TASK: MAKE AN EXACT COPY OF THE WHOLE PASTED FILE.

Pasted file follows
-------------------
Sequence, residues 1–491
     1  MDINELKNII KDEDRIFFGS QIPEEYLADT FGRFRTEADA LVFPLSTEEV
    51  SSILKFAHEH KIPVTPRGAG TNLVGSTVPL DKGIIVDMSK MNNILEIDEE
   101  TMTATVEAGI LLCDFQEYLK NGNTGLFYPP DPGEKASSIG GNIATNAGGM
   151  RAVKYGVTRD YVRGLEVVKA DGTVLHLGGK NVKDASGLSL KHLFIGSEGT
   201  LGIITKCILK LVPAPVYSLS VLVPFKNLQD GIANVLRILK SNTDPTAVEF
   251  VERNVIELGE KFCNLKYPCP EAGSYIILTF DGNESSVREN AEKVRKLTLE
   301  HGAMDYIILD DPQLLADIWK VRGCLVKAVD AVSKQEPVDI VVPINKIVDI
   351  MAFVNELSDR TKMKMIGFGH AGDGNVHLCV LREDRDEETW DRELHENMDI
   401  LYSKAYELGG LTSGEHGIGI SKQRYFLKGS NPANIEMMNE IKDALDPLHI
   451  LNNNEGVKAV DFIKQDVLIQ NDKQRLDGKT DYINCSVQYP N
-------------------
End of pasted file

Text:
Sequence, residues 1–491
     1  MDINELKNII KDEDRIFFGS QIPEEYLADT FGRFRTEADA LVFPLSTEEV
    51  SSILKFAHEH KIPVTPRGAG TNLVGSTVPL DKGIIVDMSK MNNILEIDEE
   101  TMTATVEAGI LLCDFQEYLK NGNTGLFYPP DPGEKASSIG GNIATNAGGM
   151  RAVKYGVTRD YVRGLEVVKA DGTVLHLGGK NVKDASGLSL KHLFIGSEGT
   201  LGIITKCILK LVPAPVYSLS VLVPFKNLQD GIANVLRILK SNTDPTAVEF
   251  VERNVIELGE KFCNLKYPCP EAGSYIILTF DGNESSVREN AEKVRKLTLE
   301  HGAMDYIILD DPQLLADIWK VRGCLVKAVD AVSKQEPVDI VVPINKIVDI
   351  MAFVNELSDR TKMKMIGFGH AGDGNVHLCV LREDRDEETW DRELHENMDI
   401  LYSKAYELGG LTSGEHGIGI SKQRYFLKGS NPANIEMMNE IKDALDPLHI
   451  LNNNEGVKAV DFIKQDVLIQ NDKQRLDGKT DYINCSVQYP N